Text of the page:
Pizza My Heart, Los Gatos: I really miss the Big Sur pizza; tons of whole roasted garlic cloves on a pepperoni and sausage pie. It’s just so good.

I usually get one of those, and then the regular pepperoni to follow. Something about the Big Sur says to eat it first, then the pepperoni, which is arguably the meat-and-potatoes of the pizza universe:

Manresa, Los Gatos: Really good as usual, but I have a bone to pick with them about how they’ve changed since getting their (well-deserved) Michelin stars. The new bar is is excellent; especially recommended is the Santa Cruz 75. The bone is that, when we started dining there shortly after they opened and as recently as the last few years, their menu had the big tasting menu option, but it also had three- and four-course options that started at reasonable (for Manresa and Los Gatos) price points. Now, even for L.G., it’s gotten into the special-occasion only domain, with the entry point being the four-course menu at $125 (yes, each). With wine pairings, the big tasting menu for two is getting very, very close to four figures. Maybe I’ve been away from the Bay Area for too long, but this would have definitely put it into the special-events only range for us, maybe the once-in-a-lifetime level. Not sure, but it gives us incentive to try other places when we’re in town.

Dio Deka: I love what Dio Deka does with their Greek-influenced appetizers and special entrées. I’m not a fan of their steaks; as I’ve mentioned, I think I’ve gone off the giant-chunk-o-meat steakhouse experience in favor of a really, really good smaller piece as part of a longer, more varied series of courses. In short, I’ve gone tapas. Highly recommended there: the octopus, the dolmas, and the lamb chops. As much as I love abalone, I think they overdo the seasoning and saucing, and it interferes with the taste of the abalone. We still don’t get how they rate a Michelin star when The House has much better food, but there you are.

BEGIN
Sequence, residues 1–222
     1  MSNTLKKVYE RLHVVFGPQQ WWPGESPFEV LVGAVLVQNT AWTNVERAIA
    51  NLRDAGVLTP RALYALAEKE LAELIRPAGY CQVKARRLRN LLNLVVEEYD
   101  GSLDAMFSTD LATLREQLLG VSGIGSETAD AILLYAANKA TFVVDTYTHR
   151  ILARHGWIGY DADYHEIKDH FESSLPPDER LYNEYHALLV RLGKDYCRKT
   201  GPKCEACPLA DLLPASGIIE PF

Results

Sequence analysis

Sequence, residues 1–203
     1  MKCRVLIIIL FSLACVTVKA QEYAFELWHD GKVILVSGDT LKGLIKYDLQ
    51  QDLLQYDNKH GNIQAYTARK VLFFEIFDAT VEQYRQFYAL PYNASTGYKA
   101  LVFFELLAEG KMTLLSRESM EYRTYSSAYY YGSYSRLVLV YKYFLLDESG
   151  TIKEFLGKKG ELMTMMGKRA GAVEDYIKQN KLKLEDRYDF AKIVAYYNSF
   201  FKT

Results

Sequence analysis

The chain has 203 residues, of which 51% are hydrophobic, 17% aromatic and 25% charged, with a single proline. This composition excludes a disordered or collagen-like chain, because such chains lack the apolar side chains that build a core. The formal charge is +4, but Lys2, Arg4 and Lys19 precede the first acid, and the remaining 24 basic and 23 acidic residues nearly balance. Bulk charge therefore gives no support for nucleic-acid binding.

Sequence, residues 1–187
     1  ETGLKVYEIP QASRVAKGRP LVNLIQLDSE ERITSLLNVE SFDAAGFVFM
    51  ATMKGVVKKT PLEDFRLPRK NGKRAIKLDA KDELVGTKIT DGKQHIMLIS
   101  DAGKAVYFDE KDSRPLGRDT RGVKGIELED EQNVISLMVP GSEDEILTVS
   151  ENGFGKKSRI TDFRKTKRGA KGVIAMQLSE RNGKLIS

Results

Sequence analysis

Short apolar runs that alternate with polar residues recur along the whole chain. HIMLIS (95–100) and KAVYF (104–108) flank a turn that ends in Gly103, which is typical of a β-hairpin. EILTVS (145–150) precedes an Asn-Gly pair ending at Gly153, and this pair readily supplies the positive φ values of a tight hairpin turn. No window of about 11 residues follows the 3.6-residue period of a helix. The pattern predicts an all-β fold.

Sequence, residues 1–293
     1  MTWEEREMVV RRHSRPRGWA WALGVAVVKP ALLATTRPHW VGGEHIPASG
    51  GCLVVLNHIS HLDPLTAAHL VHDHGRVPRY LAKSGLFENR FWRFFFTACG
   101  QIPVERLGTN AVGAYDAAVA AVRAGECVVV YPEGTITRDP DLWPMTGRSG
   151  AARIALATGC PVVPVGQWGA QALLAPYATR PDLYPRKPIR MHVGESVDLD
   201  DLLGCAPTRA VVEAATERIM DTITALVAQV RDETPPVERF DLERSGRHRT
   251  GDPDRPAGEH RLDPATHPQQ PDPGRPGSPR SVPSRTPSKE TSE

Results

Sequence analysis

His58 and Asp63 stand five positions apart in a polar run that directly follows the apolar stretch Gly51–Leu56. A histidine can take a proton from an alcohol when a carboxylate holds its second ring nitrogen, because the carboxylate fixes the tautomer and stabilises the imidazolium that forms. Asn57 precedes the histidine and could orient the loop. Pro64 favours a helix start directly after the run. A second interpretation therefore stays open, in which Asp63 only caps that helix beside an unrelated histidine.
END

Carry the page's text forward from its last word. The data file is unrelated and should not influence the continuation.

Nick’s on Main: Always a favorite for the abalone in lemon butter. The big news here is that Nick has acquired the old Tapestry site, and will be expanding into there in another month or two. Menu will be very similar.

Tour Eiffel: Our favorite egg rolls anywhere, also the best Thai iced tea anywhere. The owner gets dinged for being cranky or even rude with customers, but it’s just that she doesn’t know you. We’ve been regulars for a while, and she’s a sweetheart with us. It’s worth going back; good, reasonably priced food in Los Altos.

Thai Iced Tea:

Best Eggrolls In The World. If you don’t wrap each one with the lettuce and cucumber before dipping, you’re just missing part of the point:

Beef & Chicken Vermicelli:

Eggroll Vermicelli:

Icing on the Cake: Not a restaurant, but definitely a good source of carbs and fat in tasty form. Herself has decided that Saint Cupcake in Portland is her favorite, as her sweet tooth appears to have eroded a bit and Icing’s are definitely on the sweeter side. But that didn’t stop her from stocking up. And tasty baked goods, Mexican Cokes from Powell’s, and a good book is a great way to spend an afternoon.

That was about it for the Bay Area; we didn’t get into The City (San Francisco, also a universal constant, like Planck’s) because, well, we were lazy on Saturday.

Catching up on The Omnivore posts later. Get out the Prevacid; it’s going to be a bumpy night!